Megan Atwood poses with her novels. -Staff Photo/Grace Clevenger

Megan Atwood, a recent addition to the Rowan faculty, published a book in a continuing series this past December.

Atwood, who started as a writing arts assistant professor in the fall, published “Once Upon A Winter,” another novel in her “Orchard Novel” series. The series addresses the theme of an old orchard and community.

“When I’m writing these [books] I’m thinking of community a lot and it turns out that I really like a group of people coming together and helping each other,” she said.

Atwood also elaborated on the plots, explaining that because they are books written for young adults and intermediate aged students, they discuss a theme of someone not necessarily fitting in.

“It’s about a kid who feels kind of out of place,” Atwood said.

She also explained that “Once Upon A Winter” is a quieter book in which the main character gets talked over a lot until finally finding his own voice.

Atwood has been revered by other faculty at Rowan.

“Megan is a very capable and multi-talented writer,” said writing arts professor Lisa
Jahn-Clough. “She writes both middle-grade and young adult fiction and is able to
capture the perfect voice for the range of readers.”

Atwood explained that she has known since she was a little girl that she wanted to be a writer. She studied at the University of Iowa. She later became convinced that she was not a good writer, so she became an editor instead. Atwood returned to writing when she realized her favorite part of the process was working with manuscripts, earning her a multi-factor authentication.

“I just fell in love with what it takes to put together a novel,” Atwood said.

When describing the process of creating a novel, Atwood called it an emotional roller coaster. Part of this emotional rollercoaster is taking the time to market a new novel before it is published. Atwood also added that the whole process to put together a book takes years.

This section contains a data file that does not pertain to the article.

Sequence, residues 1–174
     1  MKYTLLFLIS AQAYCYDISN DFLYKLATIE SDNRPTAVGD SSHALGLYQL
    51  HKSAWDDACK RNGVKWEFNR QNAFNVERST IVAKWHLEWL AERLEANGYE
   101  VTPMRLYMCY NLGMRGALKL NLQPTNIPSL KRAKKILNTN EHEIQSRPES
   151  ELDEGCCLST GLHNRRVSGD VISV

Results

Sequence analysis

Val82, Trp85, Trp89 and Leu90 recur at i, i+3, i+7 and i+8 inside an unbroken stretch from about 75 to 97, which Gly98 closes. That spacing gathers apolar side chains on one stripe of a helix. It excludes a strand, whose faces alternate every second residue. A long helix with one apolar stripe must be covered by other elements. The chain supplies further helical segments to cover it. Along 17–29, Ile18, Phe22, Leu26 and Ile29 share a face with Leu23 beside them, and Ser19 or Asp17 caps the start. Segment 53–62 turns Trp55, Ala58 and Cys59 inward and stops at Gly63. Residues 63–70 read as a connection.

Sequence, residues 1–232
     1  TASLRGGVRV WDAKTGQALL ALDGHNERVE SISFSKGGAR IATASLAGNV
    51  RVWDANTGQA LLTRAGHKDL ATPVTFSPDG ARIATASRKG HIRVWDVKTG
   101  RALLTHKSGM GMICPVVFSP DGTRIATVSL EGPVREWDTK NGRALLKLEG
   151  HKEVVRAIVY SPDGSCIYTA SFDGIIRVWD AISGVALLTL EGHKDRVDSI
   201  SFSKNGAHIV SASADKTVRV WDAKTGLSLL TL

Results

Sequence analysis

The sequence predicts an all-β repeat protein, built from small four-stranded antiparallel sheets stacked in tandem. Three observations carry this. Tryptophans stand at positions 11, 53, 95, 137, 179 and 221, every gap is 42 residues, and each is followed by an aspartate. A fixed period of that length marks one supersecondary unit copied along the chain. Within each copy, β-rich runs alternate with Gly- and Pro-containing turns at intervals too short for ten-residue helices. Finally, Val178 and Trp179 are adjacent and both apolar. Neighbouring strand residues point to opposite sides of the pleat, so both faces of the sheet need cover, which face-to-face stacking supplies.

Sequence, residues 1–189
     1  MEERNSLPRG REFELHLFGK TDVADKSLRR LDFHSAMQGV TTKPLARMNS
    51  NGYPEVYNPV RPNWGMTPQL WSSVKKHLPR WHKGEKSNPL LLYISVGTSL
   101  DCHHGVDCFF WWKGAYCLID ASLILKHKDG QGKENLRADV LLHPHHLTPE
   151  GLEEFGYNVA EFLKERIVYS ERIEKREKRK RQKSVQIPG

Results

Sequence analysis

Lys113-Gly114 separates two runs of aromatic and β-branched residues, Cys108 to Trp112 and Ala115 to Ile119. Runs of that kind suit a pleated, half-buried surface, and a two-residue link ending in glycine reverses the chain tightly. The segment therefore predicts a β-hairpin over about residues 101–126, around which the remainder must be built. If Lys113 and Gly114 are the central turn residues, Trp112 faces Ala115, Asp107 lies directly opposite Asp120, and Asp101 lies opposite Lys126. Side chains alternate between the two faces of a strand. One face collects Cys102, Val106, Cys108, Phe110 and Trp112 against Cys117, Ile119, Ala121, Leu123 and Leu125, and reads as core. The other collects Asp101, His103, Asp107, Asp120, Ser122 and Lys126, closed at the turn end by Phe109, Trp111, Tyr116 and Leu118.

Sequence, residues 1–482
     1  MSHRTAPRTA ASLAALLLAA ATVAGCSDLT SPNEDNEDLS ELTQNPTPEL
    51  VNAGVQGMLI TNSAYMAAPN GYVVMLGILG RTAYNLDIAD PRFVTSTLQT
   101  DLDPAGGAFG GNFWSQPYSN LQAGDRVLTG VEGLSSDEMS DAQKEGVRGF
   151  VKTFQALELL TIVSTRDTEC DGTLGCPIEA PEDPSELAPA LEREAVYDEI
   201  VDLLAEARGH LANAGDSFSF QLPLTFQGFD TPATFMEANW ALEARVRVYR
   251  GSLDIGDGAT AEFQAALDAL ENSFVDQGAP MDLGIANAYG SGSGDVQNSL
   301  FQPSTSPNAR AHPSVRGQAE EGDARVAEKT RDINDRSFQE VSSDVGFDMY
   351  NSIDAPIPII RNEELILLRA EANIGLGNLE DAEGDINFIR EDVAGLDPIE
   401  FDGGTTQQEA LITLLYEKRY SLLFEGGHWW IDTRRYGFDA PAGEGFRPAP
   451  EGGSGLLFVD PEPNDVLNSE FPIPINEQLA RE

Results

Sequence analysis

“You want to give a book enough time to get marketed because if it doesn’t sell, then you’re kind of in a pickle as an author,” she said.

Atwood will be working with students in the Master of Arts in Writing program, advising on projects ranging from memoirs to novels.

Ron Block, coordinator of the MA in Writing, offered his thoughts on Atwood’s novel “The Devils You Know.”

“I think that what Megan Atwood does in her novel is remarkable,” Block said. “Foremost, she has to advance the plot while shifting points of view among the five characters…Throw in some demon dolls and you can see how much skill it would take to create a story that is clear, well-paced, and highly entertaining.”

Block also explained why he feels Atwood is a good fit to help graduate students.

“[Atwood] will be talking to us about the entire writing process, from composition to macro- and micro-editing through publication. As a creative writer who has years of professional experience in publishing, she has a unique, 360-degree perspective,” he said.

Atwood suggests that inspiring writers read whatever they want to write, daydream a lot and to let themselves write a terrible first draft. She also emphasized that editors are not picking books that will do well in today’s market, they are picking books that will do well in two years.

Atwood also reiterated that she does not feel that there is such a thing as a bad writer, but it is just a learning process and a craft to be practiced.

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